The late Col. Jeff Cooper, firearms guru and founder of the Gunsite training facility, developed a color code that is helpful in understanding this issue.

Code White: This is the level of situational awareness of most people, which is to say, none at all. In this state, you are essentially unaware of what is happening outside your personal space. You cannot anticipate and identify potential danger and have no chance of dealing with it effectively if it appears. Predators see you as a walking piece of meat wearing an “eat me” sign.

Code Yellow: This is the level anyone who does not want to be prey should adopt. It is the level you must adopt if you carry a concealed weapon. In this state, you have an enhanced level of awareness. While remaining relaxed, you are constantly on the lookout for potential danger. You have expanded your personal space far beyond arm’s length and are alert and prepared to avoid or confront danger. This level of awareness is not stressful and can be maintained day in and day out without danger of physical or psychological damage.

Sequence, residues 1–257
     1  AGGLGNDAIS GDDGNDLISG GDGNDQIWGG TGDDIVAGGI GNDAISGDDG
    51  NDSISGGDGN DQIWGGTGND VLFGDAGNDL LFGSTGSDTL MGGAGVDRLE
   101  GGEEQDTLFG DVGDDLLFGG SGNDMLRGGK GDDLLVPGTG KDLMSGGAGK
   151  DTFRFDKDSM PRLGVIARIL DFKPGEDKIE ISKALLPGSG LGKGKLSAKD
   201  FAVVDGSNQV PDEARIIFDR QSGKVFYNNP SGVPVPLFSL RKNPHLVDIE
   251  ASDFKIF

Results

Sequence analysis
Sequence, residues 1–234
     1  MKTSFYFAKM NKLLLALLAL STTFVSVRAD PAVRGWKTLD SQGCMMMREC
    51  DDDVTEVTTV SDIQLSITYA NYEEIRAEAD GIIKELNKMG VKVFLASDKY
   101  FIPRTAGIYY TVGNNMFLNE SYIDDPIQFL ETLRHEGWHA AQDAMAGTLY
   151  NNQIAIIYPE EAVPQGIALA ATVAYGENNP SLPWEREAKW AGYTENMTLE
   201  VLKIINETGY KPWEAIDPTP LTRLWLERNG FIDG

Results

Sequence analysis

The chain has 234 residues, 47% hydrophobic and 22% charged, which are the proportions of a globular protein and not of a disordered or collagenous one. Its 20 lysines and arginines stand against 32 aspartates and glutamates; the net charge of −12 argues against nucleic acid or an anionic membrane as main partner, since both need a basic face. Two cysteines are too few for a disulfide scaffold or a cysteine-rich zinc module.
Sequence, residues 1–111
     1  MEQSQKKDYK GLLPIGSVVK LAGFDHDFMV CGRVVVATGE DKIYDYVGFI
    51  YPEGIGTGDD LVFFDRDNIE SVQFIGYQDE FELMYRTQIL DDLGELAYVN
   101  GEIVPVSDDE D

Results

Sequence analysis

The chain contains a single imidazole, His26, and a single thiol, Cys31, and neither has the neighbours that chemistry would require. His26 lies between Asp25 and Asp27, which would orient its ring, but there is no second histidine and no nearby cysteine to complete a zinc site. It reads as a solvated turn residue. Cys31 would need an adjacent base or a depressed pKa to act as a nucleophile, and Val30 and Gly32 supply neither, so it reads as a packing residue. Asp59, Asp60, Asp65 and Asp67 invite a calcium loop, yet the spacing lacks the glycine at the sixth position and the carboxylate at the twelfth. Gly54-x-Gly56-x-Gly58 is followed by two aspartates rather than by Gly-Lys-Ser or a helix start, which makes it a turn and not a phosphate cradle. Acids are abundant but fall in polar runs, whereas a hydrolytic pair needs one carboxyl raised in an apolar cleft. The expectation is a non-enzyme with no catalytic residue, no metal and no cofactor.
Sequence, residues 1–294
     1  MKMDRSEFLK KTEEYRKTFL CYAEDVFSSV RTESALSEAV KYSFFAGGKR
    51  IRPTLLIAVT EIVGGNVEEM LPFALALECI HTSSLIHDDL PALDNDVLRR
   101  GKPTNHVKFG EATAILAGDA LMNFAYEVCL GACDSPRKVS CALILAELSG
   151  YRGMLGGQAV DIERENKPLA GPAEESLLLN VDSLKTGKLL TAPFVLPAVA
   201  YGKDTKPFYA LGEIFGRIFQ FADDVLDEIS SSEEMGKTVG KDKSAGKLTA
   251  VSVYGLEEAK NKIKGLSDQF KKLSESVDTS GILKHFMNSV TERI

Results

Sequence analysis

Code Orange: In this state, you have recognized an imminent potential threat. Say a man walking toward you suddenly thrusts his hand into his coat in the manner of someone reaching for a handgun in a shoulder holster. You immediately escalate from yellow to orange--until he pulls out and begins to read a pamphlet--allowing you to return to yellow. This state may or may not result in an adrenaline dump, but remaining in this state for long periods of time may be physically or psychologically harmful.

Code Red: In this state you have recognized a definitive, imminent threat, but still have time to choose options. You approach your car in a parking garage to find several gang bangers lounging on the trunk lid. As they see you approach, they nudge each other, stand up, spread out, and one pulls a knife from his pocket while you see the others reaching into their pockets. They are grinning in anticipation. They think they’ve seen an easy mark approaching. You feel the heat of an adrenaline dump and have to make a decision: Flight or fight? Can you safely change direction and walk away without provoking a pursuit, or is a confrontation unavoidable? If it’s unavoidable, what must you do to gain and retain a tactical advantage? Remaining in code red for more than a few minutes is impossible for most people and will almost certainly be physically and/or psychologically harmful.